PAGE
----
Unless you're living in a cave or have been celebrating the new year a little too enthusiastically, it is hard to miss Zed Shaw's rant about Rails. Honestly, I am not in a position to comment about most of the stuff that is in there. I don't know any of the core Rails members, neither the assorted celebrities of the Rails world. But one thing is true: Zed has made valuable contributions to the Rails community, he does make a few points which are worth noting.
His performance bugbear did a lot of good in making Rails deployment easier. I still remember what a pain it was to get Rails working with Apache2. Until mongrel came along. Briefly, fastcgi with Lighttpd worked, but it was never a complete solution because we lost some of the great Apache modules like modsvn and moddav_svn. When mongrel came along, everybody enthusiastically embraced it, as it fixed a big painpoint.
So if somebody who did so much for the Rails community says it is a ghetto, probably we have to sit up and listen. His emphasis on empirical evidence behind the slowness of Ruby/Rails stack is correct. We cannot fix something unless we measure the extent of the problem clearly. And we should rise above our personal opinions of others to evaluate the solution in a community. I would say, this is the time to be gentle with Zed, fix the problems, and invite him back into the community.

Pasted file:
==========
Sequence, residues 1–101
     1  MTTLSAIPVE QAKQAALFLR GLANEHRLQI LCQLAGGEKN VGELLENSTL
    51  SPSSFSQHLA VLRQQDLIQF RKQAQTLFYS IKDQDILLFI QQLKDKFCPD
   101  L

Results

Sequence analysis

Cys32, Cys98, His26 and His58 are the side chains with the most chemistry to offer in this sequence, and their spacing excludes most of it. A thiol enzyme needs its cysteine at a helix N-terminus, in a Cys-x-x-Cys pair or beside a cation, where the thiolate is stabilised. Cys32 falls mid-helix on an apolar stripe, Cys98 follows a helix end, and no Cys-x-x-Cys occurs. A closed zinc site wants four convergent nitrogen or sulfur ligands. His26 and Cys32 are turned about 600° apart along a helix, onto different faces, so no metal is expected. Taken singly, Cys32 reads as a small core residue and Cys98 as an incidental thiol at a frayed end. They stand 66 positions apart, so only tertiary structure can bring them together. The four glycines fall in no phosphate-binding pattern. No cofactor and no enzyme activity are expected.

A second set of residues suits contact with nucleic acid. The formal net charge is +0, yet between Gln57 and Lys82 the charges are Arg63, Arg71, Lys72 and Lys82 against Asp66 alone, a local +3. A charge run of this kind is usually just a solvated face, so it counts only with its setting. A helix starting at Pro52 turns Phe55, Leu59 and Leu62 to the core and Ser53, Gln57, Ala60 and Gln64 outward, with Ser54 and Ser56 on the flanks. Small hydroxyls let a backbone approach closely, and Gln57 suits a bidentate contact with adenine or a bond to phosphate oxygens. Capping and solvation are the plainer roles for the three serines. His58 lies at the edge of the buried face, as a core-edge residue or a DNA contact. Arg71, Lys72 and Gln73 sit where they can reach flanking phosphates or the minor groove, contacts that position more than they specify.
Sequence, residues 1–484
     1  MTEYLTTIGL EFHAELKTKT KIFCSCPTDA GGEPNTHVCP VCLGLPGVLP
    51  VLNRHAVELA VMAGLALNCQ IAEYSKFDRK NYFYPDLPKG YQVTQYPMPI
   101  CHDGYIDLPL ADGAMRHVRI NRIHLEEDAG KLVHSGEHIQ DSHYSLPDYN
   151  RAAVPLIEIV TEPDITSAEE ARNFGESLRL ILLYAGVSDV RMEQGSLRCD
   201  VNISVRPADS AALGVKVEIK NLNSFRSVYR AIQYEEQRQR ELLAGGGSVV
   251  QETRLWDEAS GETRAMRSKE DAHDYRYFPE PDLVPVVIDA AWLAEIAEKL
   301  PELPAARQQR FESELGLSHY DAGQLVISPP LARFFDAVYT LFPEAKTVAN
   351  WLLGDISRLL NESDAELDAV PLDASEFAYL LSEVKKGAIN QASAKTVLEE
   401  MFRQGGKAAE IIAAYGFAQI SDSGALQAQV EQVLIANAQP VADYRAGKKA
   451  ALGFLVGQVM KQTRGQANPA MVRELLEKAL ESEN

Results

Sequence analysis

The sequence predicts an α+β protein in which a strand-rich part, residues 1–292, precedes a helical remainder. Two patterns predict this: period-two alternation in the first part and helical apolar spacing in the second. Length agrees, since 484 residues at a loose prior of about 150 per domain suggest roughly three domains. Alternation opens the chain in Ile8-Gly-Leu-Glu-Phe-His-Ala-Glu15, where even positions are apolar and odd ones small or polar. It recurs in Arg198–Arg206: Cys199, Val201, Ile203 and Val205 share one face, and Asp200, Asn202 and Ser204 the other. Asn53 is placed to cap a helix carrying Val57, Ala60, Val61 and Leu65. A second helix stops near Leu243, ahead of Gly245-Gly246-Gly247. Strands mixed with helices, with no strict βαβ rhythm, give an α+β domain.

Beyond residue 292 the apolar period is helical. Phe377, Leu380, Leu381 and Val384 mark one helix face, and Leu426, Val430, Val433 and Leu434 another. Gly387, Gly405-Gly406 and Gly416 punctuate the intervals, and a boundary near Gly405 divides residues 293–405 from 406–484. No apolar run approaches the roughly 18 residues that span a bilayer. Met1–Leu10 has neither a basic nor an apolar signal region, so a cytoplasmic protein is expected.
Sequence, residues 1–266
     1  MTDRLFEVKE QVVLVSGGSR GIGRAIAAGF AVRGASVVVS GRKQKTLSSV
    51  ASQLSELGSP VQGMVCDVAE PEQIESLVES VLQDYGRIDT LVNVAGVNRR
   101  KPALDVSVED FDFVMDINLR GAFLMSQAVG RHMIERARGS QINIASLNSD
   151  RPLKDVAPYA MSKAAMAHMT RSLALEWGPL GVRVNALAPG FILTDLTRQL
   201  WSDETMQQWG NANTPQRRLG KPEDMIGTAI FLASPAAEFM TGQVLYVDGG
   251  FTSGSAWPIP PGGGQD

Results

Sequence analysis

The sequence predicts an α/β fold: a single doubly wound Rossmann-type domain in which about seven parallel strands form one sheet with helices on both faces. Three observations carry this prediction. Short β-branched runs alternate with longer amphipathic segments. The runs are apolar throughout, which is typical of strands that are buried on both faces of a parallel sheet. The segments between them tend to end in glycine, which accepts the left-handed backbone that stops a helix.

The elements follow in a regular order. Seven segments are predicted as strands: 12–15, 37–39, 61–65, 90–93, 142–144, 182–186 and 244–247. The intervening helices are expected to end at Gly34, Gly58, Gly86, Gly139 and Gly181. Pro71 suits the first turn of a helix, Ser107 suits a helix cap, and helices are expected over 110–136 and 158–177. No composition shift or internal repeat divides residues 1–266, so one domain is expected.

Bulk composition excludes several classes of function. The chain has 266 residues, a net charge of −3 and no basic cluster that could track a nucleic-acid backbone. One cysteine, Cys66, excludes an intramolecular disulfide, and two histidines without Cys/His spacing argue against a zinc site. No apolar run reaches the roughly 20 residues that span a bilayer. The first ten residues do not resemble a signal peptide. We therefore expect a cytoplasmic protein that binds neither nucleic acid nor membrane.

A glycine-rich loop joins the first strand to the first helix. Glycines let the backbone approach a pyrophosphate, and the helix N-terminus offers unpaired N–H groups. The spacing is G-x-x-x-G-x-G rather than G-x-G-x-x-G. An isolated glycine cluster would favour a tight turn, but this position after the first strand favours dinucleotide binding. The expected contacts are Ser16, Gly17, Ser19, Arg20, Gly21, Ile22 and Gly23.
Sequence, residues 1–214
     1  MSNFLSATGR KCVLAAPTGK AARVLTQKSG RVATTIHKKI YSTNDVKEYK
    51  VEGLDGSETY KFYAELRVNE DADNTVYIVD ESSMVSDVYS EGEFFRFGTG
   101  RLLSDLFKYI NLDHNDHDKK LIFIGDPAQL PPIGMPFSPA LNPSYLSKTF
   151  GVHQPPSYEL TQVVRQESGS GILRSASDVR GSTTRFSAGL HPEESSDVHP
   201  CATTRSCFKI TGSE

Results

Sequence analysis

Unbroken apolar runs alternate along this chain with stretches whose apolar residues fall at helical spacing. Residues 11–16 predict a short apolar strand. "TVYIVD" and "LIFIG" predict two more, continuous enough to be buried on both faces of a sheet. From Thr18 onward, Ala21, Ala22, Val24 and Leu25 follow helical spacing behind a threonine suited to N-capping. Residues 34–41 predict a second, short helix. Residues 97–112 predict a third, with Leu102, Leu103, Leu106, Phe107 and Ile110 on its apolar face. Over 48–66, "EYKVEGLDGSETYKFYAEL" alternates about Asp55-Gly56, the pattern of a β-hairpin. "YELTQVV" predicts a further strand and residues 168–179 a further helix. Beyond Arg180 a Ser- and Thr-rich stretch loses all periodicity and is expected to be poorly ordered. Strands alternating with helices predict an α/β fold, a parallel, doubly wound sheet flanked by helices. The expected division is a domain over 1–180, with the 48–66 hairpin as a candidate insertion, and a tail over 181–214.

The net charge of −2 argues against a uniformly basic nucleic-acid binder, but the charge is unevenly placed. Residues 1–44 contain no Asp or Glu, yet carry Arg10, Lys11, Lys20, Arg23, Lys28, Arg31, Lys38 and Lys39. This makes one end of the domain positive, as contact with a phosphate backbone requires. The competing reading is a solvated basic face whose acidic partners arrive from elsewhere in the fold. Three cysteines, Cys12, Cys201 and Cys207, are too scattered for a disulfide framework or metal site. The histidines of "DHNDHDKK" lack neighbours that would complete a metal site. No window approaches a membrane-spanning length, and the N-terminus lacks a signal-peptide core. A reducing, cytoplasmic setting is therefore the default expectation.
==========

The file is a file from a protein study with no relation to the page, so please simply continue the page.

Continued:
That is not to say I completely agree with the article. It could have been much better if names were not taken, not because it destroys reputations, but because it makes the writer look bad. Sometimes, you have to let the problem correct itself. As long as the markets and community are involved, it normally does. I would say the article would have been as effective, if not more, if Zed explained the problems in an even handed manner. The community has enough goodwill for Zed to believe what he says even without taking names.
We love you, Zed. Please come back. Even if you choose to stay away, you will continue to inspire a lot of Ruby folks, and your parting shot will be remembered not for its' vehemence, but as a wake-up call. Thank you.